ume-launcher

This is the last pearl in the list of applets. Again, it's eye-candy -- but be assured, it's useful eye candy. When it runs, it takes control of the desktop (meaning that any icon on the desktop will basically disappear). It shows a very good looking, functional launcher.

The Netbook Remix launcherThe Netbook Remix launcher

This is likely to be the "home" of most everyday user. The launcher can be compared to a large desktop widget that allows you to pick what to run. Comparing this to the standard launcher that comes with the stock EeePC puts Asus to shame. The only thing I can say to pick on it is that the Netbook Remix team seems to have forgotten to add a link to the user's "Desktop". Bossing Nautilus around and taking the Desktop away from it is fair enough for this kind of devices. However, inexperienced users might be unable to find all those files that were saved to the desktop by other applications.

The Canonical project

Here, I must start with a disclaimer: I don't work for Canonical, and I am speculating. I talk to Mark Shuttleworth very occasionally (like many others do, since he's so amazingly accessible), but I don't have any "insider's information". However, from what I heard, Canonical's goal is to provide a fantastic, ready to use GNU/Linux platform for OEMs. If Netbook Remix had existed while Asus was designing the EeePC, I am convinced they would have picked it as their default interface and operating system (or, at least, one would hope so). I am sure the same is bound to happen soon: there are several vendors who are dying to jump on the sub-notebook bandwagon, and Ubuntu Netbook Remix will obviously be the most tempting option. To Canonical, this means more users using Ubuntu, a larger user base, and a step closer to the closure of bug #1 (I will leave it up to you to work out what that is!). I am not entirely sure how this would work financially. Canonical should definitely get paid by vendors to cover the work required to provide them with a fully working version of Ubuntu Netbook Remix. In any case, the Ubuntu user base has a chance to grow exponentially if millions of sub-notebooks are sold with Ubuntu GNU/Linux on them.

The missing piece(s)

As I wrote earlier, I am using an EeePC (with Ubuntu Netbook Remix) as we speak. It's a great system, but... there's a "but". I had to spend quite a lot of time installing Ubuntu on my EeePC -- and getting it to work 100% well. Installing Ubuntu on the EeePC is a royal pain, full stop: wireless doesn't work, the sound drivers stop the EeePC from going to sleep unless some configuration files are changed, the hotkeys are a pain to set up, and so on. These are all things that should work "out of the box": either straight out of Ubuntu, or with an extra script that does all the "tidying up". I realise that Canonical wasn't contacted by Asus, and fear that Xandros-infected Asus won't be asking Canonical to create a much needed OEM disk for the EeePC anytime soon. However, I think supporting at least the most common sub-notebook platforms (or even platform) would have been a really good move. For Netbook Remix, we will need to wait till the first ready-to-go sub-notebook is announced. You can bet I will be the first person buying it... but in the meantime, a huge crowd out there won't be using Ubuntu on their EeePC. It's a shame.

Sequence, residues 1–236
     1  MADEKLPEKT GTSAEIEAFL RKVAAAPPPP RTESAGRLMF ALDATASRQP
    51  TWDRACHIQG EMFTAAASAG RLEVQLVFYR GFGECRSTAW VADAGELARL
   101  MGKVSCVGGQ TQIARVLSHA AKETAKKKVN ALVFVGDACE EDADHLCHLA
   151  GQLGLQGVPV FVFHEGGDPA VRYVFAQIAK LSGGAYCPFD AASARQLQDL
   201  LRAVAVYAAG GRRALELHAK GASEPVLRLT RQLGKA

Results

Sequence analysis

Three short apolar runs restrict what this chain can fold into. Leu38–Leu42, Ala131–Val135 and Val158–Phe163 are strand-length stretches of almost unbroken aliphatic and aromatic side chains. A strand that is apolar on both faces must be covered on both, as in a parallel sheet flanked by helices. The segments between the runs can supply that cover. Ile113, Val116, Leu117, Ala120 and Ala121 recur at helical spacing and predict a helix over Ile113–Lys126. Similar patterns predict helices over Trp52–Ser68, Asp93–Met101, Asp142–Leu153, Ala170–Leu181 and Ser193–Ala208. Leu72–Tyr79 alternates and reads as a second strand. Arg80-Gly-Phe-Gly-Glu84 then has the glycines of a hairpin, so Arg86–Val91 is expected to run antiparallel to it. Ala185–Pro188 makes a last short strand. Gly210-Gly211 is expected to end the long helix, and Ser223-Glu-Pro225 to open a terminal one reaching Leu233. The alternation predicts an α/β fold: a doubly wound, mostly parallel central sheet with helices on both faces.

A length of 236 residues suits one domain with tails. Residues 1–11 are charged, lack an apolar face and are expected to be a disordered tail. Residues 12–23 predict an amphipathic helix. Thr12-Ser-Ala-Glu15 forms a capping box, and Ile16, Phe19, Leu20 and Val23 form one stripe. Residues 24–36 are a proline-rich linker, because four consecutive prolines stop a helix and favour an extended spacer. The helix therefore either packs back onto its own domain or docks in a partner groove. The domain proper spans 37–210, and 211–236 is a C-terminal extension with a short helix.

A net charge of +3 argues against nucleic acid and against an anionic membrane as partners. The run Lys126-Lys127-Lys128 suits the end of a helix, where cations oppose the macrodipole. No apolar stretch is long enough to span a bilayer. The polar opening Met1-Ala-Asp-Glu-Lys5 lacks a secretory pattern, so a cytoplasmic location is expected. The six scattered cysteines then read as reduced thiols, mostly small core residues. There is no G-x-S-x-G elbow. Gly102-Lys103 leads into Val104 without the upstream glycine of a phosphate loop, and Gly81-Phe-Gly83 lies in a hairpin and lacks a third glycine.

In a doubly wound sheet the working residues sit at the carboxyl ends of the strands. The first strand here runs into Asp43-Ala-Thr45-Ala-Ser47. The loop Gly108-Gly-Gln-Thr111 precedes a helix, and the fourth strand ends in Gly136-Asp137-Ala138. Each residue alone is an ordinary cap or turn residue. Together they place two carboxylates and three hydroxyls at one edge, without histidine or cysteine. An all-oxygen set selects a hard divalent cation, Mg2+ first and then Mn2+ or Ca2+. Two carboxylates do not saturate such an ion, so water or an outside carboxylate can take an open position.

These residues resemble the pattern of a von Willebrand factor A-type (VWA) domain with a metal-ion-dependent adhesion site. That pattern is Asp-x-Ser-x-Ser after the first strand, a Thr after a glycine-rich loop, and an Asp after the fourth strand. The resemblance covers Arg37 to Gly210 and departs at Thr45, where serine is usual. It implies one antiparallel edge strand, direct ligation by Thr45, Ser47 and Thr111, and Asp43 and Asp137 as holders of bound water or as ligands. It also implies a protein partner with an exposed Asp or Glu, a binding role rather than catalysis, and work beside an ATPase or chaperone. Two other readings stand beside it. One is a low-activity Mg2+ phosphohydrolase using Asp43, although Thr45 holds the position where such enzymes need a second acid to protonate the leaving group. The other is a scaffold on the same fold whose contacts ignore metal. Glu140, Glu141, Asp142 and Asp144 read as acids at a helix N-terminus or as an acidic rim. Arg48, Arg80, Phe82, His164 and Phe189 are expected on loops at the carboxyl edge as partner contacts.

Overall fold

Conclusion

In one word: exciting. This piece was written entirely using an EeePC running Ubuntu Netbook Remix. And, it's going to stay that way. It works. It's good. It's getting better. The best item of news is that we can all expect sub-notebooks running Ubuntu Netbook Remix on them. (And yes, I will eventually give in and call them Netbooks... one day). Canonical is doing all of the right things, and it's definitely giving a lot of sleepless nights to those CEOs who stubbornly ignored GNU/Linux up to now. I can see a likely future where mobile devices won't have Windows Mobile, but Android (thanks to Google). And netbooks will have a fantastic version of GNU/Linux, Ubuntu Netbook Remix, rather than Xandros or the decrepit Windows XP (thanks to Canonical). People can make a difference. Companies can too -- and it's inspiring when it happens.

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Comments

Junkyboy's picture
Submitted by Junkyboy on

I've recently installed ubuntu on my eeepc (4g surf) using ubuntu-eee and it worked just fine when done (wireless and all). Its at http://www.ubuntu-eee.com/index.php5?title=Main_Page

Dont forget http://www.x2on.de/eeepc/ubuntueeetweak.sh

Terry Hancock's picture

created by accident by Asus with the EeePc

The Eee PC is a great product, but it's basically just a commercial version of the OLPC "XO", isn't it? (If anything, it's a slightly down-spec version of it). I think it's overstating things to claim Asus "created" this market -- they noticed it existed, no doubt because of the large amount of developed-world interest in the XO (and the OLPC project's marketing ineptitude).

But the risk-taking in designing a new class of computer was done by a non-profit.

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Tony Mobily's picture

Biography

Tony is the founder and the Editor In Chief of Free Software Magazine